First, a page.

Putting this all together, you can see that habits are the path to changing your identity. The most practical way to change who you are is to change what you do. Each time you write a page, you are a writer. Each time you practice the violin, you are a musician. Each time you start a workout, you are an athlete. Each time you encourage your employees, you are a leader.
Decide the type of person you want to be. Prove it to yourself with small wins.
Habits are mental shortcuts learned from experience. In a sense, a habit is just a memory of the steps you previously followed to solve a problem in the past.
The primary reason the brain remembers the past is to better predict what will work in the future.
The process of building a habit can be divided into four simple steps: cue, craving, response, and reward.
As the psychologist Carl Jung said, “Until you make the unconscious conscious, it will direct your life and you will call it fate.”
The Japanese railway system is regarded as one of the best in the world. If you ever find yourself riding a train in Tokyo, you’ll notice that the conductors have a peculiar habit. As each operator runs the train, they proceed through a ritual of pointing at different objects and calling out commands. When the train approaches a signal, the operator will point at it and say, “Signal is green.” As the train pulls into and out of each station, the operator will point at the speedometer and call out the exact speed. When it’s time to leave, the operator will point at the timetable and state the time. Out on the platform, other employees are performing similar actions. Before each train departs, staff members will point along the edge of the platform and declare, “All clear!” Every detail is identified, pointed at, and named aloud.fn1 This process, known as Pointing-and-Calling, is a safety system designed to reduce mistakes. It seems silly, but it works incredibly well. Pointing-and-Calling reduces errors by up to 85 percent and cuts accidents by 30 percent. The MTA subway system in New York City adopted a modified version that is “point-only,” and “within two years of implementation, incidents of incorrectly berthed subways fell 57 percent.” Pointing-and-Calling is so effective because it raises the level of awareness from a nonconscious habit to a more conscious level. Because the train operators must use their eyes, hands, mouth, and ears, they are more likely to notice problems before something goes wrong.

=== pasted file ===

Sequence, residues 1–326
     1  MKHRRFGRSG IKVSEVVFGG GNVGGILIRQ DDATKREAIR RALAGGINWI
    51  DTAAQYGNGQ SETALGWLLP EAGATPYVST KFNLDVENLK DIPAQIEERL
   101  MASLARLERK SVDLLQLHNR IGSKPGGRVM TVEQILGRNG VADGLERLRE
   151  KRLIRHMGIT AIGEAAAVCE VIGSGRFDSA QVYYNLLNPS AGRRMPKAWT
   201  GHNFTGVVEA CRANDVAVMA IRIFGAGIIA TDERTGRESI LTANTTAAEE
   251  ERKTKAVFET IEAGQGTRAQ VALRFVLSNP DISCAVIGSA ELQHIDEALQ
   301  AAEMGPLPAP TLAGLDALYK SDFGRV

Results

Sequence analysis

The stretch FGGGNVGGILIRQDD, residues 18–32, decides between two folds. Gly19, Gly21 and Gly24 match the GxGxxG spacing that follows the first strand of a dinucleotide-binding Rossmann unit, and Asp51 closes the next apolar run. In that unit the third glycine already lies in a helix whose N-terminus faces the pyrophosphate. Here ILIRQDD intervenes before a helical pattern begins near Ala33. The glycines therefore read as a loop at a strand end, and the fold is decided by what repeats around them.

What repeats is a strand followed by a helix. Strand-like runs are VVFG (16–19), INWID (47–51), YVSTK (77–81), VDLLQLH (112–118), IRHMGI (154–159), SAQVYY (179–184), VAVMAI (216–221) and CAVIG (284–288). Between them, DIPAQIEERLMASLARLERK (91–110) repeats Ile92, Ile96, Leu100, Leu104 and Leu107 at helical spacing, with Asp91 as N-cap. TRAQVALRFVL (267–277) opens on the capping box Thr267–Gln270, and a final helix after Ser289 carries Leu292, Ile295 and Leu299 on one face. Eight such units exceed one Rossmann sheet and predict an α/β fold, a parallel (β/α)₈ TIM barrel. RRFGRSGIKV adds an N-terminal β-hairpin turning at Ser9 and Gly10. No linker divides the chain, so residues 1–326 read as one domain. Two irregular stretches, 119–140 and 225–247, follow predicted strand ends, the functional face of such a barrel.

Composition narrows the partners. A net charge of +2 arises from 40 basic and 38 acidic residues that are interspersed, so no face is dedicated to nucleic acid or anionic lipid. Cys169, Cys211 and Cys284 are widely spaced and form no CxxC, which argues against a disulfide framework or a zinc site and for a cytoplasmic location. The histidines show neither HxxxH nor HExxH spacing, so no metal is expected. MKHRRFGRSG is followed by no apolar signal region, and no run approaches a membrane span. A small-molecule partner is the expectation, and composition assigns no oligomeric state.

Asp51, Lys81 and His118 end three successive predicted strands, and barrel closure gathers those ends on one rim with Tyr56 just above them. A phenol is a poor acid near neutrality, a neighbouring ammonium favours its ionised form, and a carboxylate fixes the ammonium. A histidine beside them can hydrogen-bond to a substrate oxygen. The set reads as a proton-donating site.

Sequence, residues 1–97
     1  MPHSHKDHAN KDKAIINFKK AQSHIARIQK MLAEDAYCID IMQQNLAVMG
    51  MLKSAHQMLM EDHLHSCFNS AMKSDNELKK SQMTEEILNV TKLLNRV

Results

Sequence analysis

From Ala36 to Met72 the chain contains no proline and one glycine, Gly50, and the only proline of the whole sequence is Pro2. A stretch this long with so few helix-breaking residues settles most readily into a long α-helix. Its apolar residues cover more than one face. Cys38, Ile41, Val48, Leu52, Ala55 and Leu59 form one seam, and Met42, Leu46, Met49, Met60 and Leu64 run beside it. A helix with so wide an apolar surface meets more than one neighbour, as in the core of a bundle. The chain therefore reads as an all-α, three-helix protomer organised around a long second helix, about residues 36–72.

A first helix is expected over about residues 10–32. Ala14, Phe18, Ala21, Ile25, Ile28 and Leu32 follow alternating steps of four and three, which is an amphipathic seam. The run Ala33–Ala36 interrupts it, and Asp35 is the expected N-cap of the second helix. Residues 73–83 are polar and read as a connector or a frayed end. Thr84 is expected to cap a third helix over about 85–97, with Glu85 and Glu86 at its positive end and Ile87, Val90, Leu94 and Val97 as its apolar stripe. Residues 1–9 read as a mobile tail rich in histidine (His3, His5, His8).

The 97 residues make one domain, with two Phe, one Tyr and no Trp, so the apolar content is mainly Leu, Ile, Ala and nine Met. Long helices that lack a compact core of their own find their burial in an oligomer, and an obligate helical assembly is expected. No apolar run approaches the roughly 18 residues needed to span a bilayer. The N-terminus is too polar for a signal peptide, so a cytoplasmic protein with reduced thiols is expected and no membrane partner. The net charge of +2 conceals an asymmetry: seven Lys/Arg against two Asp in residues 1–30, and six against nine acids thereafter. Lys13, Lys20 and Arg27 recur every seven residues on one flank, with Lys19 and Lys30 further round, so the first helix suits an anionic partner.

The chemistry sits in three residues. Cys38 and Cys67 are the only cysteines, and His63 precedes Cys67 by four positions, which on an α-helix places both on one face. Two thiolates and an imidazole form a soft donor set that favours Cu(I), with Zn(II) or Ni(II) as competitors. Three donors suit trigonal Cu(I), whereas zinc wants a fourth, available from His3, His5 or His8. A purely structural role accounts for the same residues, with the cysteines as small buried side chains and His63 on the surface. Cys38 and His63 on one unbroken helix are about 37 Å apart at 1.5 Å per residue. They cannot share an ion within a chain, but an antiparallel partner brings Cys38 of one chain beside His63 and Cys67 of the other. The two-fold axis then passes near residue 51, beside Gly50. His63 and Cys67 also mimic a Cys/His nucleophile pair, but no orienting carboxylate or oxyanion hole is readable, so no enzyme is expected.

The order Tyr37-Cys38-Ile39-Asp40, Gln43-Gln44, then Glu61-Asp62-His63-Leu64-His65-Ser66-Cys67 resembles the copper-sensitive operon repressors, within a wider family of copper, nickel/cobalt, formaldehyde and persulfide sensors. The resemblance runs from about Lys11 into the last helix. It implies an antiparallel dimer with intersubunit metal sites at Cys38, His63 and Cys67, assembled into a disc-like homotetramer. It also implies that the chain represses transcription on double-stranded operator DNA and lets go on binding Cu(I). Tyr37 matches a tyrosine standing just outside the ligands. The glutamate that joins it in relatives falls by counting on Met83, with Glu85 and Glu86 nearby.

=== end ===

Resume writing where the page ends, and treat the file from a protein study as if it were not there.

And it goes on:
The sentence they filled out is what researchers refer to as an implementation intention, which is a plan you make beforehand about when and where to act. That is, how you intend to implement a particular habit.
The cues that can trigger a habit come in a wide range of forms—the feel of your phone buzzing in your pocket, the smell of chocolate chip cookies, the sound of ambulance sirens—but the two most common cues are time and location.
The Diderot Effect states that obtaining a new possession often creates a spiral of consumption that leads to additional purchases. You can spot this pattern everywhere.
Environment is the invisible hand that shapes human behavior. Despite our unique personalities, certain behaviors tend to arise again and again under certain environmental conditions. In church, people tend to talk in whispers. On a dark street, people act wary and guarded. In this way, the most common form of change is not internal, but external: we are changed by the world around us. Every habit is context dependent.
In 1936, psychologist Kurt Lewin wrote a simple equation that makes a powerful statement: Behavior is a function of the Person in their Environment, or B = f (P,E).
The power of context also reveals an important strategy: habits can be easier to change in a new environment. It helps to escape the subtle triggers and cues that nudge you toward your current habits. Go to a new place—a different coffee shop, a bench in the park, a corner of your room you seldom use—and create a new routine there. It is easier to associate a new habit with a new context than to build a new habit in the face of competing cues.
A stable environment where everything has a place and a purpose is an environment where habits can easily form.